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SEEKING TRUTH: SilverDocs 10th Edition is in Full Swing
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More From SilverDocs 2012



By Renee Rosenfeld

Neal Schon on the red carpet with the Don't 
Stop Believing filmmakers
The 10th Anniversary edition of the SilverDocs festival kicked off with Don’t Stop Believing: Everyman’s Journey, the emotional story of Arnel Pineda, who was thrust into fame after the iconic rock band Journey’s lead guitarist, Neal Schon, spotted the Philippine cover band singer on YouTube. National Capital member Katy Jones Garrity reports, "As a DC producer, [SilverDocs] is one week I look forward to every year.” She opened the festival viewing this week by attending a screening of The Imposter.  Directed by Bart Layton, known for his work on Nat Geo’s long-running series Locked Up Abroad. "This film employs many of the same techniques that made that series such a hit: fantastic interviews with characters whose story is a bizarre twist from normal life, recreations that flow seamlessly into the storytelling, and camera directing that is clever and revealing,” says Jones Garrity.

Kc Shillihahn attended The Guggenheim Symposium--one of the festival’s special events. Named for the pioneering filmmaker Charles Guggenheim, the Honor is meant to identify and reward filmmakers that have brought the power of documentary to bear in the human experience. No other trilogy of films demonstrates that power like those created by this year’s honorees, Joe Berlinger and Bruce Sinofsky. Early in his remarks former Arkansas prison inmate Jason Baldwin turned to Berlinger & Sinofsky and thanked them for the films that ultimately saw him released after nearly 18 years of unjust imprisonment. Jason Baldwin and the saga of the West Memphis Three is the ultimate demonstration of the power of non-fiction to advocate, report and shed new light on issues.

Alongside the festival is a full conference connecting filmmakers, educators, broadcasters, business leaders, distributors, private and public media, and funders that began with the keynote delivered by 18 Days in Egypt’s Jigar Mehta. Mehta recounted how he broke the rules by bringing together various forms of media from last year’s Egyptian uprising and using the storyteller as the source to create a more authentic and richer experience. His use of social media sources serves as a real-time walk through the events that changed the world.

"Meet the Broadcasters: The Dish On Docs On TV" moderated by Crowdstarter co-founder Liz Ogilvie, brought together execs from Discovery, PBS’s POV, A&E, The Documentary Channel, ESPN Films and HBO. Among the panel's revelations: In Discovery’s competitive environment, the network has shifted to more series. Discovery receives about 400-500 submissions each week through their Producers Portal.  The good news is that execs look through submissions about once a week. The Documentary Channel’s demo skews male, ironically. HBO produces twenty-five to thirty docs a year but only one-third come through acquisitions. HBO is looking for documentaries with impact and press that are standout contemporary social impact films. If your genre is sports, ESPN Films is more likely to be interested in your piece if it lives on every platform and reflects a human story within sports. A&E suggests looking at Withoutabox to see what’s popping.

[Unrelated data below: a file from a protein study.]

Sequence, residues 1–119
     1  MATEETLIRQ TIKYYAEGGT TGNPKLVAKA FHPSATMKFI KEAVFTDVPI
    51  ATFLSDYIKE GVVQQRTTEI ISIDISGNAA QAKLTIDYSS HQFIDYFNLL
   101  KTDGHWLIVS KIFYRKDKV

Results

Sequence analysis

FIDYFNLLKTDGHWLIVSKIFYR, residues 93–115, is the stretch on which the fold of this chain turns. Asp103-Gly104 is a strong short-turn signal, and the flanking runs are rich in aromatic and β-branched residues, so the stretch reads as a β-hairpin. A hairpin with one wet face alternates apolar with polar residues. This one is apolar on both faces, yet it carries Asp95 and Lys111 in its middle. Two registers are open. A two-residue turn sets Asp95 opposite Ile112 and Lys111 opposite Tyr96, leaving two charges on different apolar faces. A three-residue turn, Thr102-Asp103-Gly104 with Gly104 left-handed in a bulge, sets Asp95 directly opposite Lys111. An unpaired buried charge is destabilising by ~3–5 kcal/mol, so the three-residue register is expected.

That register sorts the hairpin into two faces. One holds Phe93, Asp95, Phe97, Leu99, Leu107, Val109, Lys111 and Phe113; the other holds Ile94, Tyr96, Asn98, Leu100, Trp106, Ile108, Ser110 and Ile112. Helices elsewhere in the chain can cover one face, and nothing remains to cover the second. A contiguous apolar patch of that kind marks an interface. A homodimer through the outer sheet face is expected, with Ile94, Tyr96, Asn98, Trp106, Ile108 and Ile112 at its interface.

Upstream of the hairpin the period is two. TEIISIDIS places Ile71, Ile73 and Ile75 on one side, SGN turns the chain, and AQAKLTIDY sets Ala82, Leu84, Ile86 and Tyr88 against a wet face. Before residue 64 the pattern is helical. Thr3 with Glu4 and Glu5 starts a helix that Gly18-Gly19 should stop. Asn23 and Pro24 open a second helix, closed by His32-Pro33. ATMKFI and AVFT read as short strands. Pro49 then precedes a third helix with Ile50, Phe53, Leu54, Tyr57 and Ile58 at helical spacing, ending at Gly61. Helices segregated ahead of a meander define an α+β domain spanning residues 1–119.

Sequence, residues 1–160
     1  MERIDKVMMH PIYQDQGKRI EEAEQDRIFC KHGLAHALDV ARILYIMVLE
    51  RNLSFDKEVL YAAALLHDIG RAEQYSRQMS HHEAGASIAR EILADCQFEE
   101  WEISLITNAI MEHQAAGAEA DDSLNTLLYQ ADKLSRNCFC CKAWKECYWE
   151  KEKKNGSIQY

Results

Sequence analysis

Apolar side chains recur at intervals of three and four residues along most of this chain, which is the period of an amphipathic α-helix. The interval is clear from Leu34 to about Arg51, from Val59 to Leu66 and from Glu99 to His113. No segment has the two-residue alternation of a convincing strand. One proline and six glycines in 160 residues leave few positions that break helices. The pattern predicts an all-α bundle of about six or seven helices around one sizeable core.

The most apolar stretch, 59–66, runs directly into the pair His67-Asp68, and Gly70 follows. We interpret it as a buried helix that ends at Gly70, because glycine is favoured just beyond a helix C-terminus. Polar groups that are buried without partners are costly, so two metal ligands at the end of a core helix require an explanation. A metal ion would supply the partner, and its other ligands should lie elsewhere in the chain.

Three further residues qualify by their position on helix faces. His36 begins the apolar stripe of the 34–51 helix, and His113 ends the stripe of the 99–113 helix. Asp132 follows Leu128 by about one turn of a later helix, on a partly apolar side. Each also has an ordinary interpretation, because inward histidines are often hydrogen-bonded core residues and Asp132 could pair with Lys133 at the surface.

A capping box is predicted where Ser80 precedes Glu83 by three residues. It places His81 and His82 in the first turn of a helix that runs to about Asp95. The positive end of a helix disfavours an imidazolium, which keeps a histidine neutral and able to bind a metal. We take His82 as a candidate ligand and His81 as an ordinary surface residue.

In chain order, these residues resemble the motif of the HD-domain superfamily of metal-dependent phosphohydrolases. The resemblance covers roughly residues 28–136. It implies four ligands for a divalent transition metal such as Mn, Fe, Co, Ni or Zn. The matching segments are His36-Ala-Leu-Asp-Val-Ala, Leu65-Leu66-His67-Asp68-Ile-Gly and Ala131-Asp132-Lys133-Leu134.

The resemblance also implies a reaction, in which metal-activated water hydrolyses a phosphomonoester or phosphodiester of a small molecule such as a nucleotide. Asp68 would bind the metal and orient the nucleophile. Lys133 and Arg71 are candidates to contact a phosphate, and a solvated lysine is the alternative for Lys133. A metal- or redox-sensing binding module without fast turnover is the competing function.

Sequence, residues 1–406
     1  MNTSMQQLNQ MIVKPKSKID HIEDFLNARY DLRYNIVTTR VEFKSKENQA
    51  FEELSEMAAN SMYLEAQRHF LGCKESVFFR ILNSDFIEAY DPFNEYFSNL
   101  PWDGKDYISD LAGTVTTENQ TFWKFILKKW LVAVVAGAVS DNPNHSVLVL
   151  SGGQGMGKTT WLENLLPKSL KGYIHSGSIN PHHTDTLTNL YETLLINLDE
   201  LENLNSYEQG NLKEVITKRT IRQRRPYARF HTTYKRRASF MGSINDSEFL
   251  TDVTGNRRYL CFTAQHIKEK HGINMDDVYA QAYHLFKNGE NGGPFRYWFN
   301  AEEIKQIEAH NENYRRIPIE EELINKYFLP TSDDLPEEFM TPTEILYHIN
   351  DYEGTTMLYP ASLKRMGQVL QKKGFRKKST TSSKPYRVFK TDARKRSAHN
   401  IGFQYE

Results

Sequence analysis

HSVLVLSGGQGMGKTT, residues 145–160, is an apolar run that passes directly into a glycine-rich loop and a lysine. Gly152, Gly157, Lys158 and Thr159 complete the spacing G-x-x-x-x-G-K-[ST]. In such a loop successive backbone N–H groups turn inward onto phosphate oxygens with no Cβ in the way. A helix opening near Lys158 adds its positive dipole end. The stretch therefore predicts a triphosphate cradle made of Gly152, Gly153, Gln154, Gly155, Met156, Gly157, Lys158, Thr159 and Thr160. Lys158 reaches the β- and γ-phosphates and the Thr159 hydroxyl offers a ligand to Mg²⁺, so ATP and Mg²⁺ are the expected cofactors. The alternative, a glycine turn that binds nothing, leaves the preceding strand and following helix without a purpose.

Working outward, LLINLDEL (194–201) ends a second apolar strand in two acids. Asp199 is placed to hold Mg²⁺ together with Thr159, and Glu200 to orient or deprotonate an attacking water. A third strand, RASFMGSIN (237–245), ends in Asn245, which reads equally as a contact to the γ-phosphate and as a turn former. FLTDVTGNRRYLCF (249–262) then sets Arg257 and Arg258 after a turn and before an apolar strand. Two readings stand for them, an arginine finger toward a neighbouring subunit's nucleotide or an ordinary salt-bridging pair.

National Capital’s Rebecca Howland reported from the session, "Discovery: From Pitch to Air." Execs there suggest that when preparing to pitch the Discovery family (e.g., Discovery, ID, TLC), do your homework. Study the specific network that you're pitching to and be sure your concept is a fit for their brand. All pitches, regardless of whether you’re a newbie or the most seasoned producer, must be submitted through Discovery's Producer's Portal.  What you submit must be as complete and buttoned-up a submission as possible. Discovery is looking for big, fascinating characters or subcultures that haven't been previously seen on television. A good piece of tape is expected if you want to be considered seriously. It doesn't have to be a pricey sizzle reel or pilot. It just has to demonstrate the characters' appeal. TLC bought four shows last year just from seeing Skype interviews with the talent. If the character is "big," they'll pop off the screen no matter what the format. The exception is Investigation Discovery, which is story-driven, not character-driven. It's okay to pitch ID with paper; tape is not necessary.

In these digital times, no producing conference is complete without a session entitled, "How To Make Noise in the Digital Forest." The exec’s best advice was to think beyond the finished piece and create additional content as if it were going to live in a DVD extra. Rolling out extra information is key to a complete digital package. They know that this is probably the last thing on your mind, but turning the camera around and capturing that behind the scenes footage makes a big difference. Think about your audience and build relationships with partners and ambassadors because they will help create the buzz that will sell your film. You can’t get started with social too early. The digital aggregators want to see what you have beyond the program itself.

Los Angeles PGA member Ruby Lopez joined National Capital members at a happy hour at McGinty’s Pub. Lopez is taking advantage of one-on-one pitch sessions to get her in-progress, animated full-length documentary in front of decision makers. She’s gathering intelligence by attending small group "Silver Sessions” with key players at Crowdstarter, Working Films and Discovery, among others. Lopez is finding that marketing early is key and using social networking is critical to engaging fans.


-Stay tuned for the final bulletin from SilverDocs, to be published soon.